Since losing by a nose to Baylor on Sept. 28, Iowa State has rolled off three convincing Big 12 wins in a row against TCU, West Virginia and, on Saturday, Texas Tech. In doing so, the Cyclones have painted themselves as perhaps the second-best team in the conference, trailing only Oklahoma. (We’ll find out for sure when the Cyclones meet Texas.) The three-game streak, capped by Saturday’s 34-24 win at the Red Raiders, also helps to erase the sour taste of narrow losses to the Bears and rival Iowa.
Here’s a fun one: Miami lost 28-21 in overtime to Georgia Tech, which earlier this season lost to The Citadel and hadn’t come within 16 points of each of its first three opponents in ACC play. The Yellow Jackets aren’t very good, you see, even if the team’s struggles were expected under first-year coach Geoff Collins. The Hurricanes’ new coach, Manny Diaz, now heads into the home stretch at 3-4 with five games left. Of that group, four come on the road: Pittsburgh, Florida State, Florida International and Duke.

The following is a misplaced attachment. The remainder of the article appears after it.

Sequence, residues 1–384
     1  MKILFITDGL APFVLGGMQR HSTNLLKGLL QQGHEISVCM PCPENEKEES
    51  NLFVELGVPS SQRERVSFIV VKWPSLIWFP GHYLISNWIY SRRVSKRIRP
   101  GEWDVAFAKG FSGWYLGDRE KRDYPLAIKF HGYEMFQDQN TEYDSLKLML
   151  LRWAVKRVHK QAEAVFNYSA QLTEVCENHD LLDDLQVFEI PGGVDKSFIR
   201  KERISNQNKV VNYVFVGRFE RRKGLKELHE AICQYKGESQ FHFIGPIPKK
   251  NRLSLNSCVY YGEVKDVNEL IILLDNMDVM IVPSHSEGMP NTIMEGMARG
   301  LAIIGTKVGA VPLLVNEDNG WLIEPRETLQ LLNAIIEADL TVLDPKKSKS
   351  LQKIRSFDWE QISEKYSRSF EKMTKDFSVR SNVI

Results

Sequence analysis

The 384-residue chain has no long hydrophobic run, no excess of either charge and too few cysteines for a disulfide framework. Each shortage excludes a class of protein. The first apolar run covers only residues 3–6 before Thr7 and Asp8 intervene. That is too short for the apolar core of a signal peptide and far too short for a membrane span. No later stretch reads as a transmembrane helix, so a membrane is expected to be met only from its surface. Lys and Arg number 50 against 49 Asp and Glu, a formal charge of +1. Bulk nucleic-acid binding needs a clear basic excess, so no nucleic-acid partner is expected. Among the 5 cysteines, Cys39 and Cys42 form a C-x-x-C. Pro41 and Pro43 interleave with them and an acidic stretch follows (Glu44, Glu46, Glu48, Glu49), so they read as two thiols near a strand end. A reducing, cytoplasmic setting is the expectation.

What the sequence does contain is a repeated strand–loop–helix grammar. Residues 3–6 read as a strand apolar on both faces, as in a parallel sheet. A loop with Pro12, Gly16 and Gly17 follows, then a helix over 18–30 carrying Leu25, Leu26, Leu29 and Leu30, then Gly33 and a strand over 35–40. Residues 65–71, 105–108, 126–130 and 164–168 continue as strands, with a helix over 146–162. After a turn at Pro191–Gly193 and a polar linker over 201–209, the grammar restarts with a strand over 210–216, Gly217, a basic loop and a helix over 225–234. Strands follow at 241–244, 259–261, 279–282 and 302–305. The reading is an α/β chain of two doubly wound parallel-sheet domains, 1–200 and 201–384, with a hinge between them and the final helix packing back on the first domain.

“This is a rebuild,” Diaz said after the loss, which is laughable. The Hurricanes won 10 games just two years ago and were 49-29 across the previous six seasons — not great, but not rebuild-worthy numbers — while the program had inked top-25 recruiting classes in three of the past four years. To call this a rebuild is a desperate and transparent attempt at spinning a season that has spiraled out of control.